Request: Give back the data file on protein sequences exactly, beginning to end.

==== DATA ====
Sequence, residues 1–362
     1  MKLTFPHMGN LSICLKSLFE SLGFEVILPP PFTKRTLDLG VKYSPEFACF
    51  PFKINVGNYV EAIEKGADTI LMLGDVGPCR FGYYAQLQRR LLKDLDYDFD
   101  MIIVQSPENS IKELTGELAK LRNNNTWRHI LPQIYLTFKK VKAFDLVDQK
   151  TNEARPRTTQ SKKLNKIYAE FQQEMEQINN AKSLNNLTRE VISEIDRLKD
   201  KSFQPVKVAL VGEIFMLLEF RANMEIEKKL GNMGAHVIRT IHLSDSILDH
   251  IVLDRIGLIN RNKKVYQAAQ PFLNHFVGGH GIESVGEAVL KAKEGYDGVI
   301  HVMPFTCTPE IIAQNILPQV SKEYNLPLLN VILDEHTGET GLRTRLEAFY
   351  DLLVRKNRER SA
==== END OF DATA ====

Sequence, residues 1–362
     1  MKLTFPHMGN LSICLKSLFE SLGFEVILPP PFTKRTLDLG VKYSPEFACF
    51  PFKINVGNYV EAIEKGADTI LMLGDVGPCR FGYYAQLQRR LLKDLDYDFD
   101  MIIVQSPENS IKELTGELAK LRNNNTWRHI LPQIYLTFKK VKAFDLVDQK
   151  TNEARPRTTQ SKKLNKIYAE FQQEMEQINN AKSLNNLTRE VISEIDRLKD
   201  KSFQPVKVAL VGEIFMLLEF RANMEIEKKL GNMGAHVIRT IHLSDSILDH
   251  IVLDRIGLIN RNKKVYQAAQ PFLNHFVGGH GIESVGEAVL KAKEGYDGVI
   301  HVMPFTCTPE IIAQNILPQV SKEYNLPLLN VILDEHTGET GLRTRLEAFY
   351  DLLVRKNRER SA